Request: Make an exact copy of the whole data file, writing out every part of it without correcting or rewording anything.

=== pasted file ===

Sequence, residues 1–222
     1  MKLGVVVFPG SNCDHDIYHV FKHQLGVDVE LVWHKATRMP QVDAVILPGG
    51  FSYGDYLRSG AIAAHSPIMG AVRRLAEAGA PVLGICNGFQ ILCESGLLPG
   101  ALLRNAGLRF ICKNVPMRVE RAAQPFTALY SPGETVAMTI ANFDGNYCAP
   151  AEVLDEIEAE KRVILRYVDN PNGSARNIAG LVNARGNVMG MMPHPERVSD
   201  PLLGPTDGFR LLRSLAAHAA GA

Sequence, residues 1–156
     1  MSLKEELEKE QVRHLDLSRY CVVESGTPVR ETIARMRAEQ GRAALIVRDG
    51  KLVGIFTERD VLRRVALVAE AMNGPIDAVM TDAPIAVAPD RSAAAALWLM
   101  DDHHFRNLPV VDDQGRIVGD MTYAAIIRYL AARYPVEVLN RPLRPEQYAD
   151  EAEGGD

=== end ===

Sequence, residues 1–222
     1  MKLGVVVFPG SNCDHDIYHV FKHQLGVDVE LVWHKATRMP QVDAVILPGG
    51  FSYGDYLRSG AIAAHSPIMG AVRRLAEAGA PVLGICNGFQ ILCESGLLPG
   101  ALLRNAGLRF ICKNVPMRVE RAAQPFTALY SPGETVAMTI ANFDGNYCAP
   151  AEVLDEIEAE KRVILRYVDN PNGSARNIAG LVNARGNVMG MMPHPERVSD
   201  PLLGPTDGFR LLRSLAAHAA GA

Sequence, residues 1–156
     1  MSLKEELEKE QVRHLDLSRY CVVESGTPVR ETIARMRAEQ GRAALIVRDG
    51  KLVGIFTERD VLRRVALVAE AMNGPIDAVM TDAPIAVAPD RSAAAALWLM
   101  DDHHFRNLPV VDDQGRIVGD MTYAAIIRYL AARYPVEVLN RPLRPEQYAD
   151  EAEGGD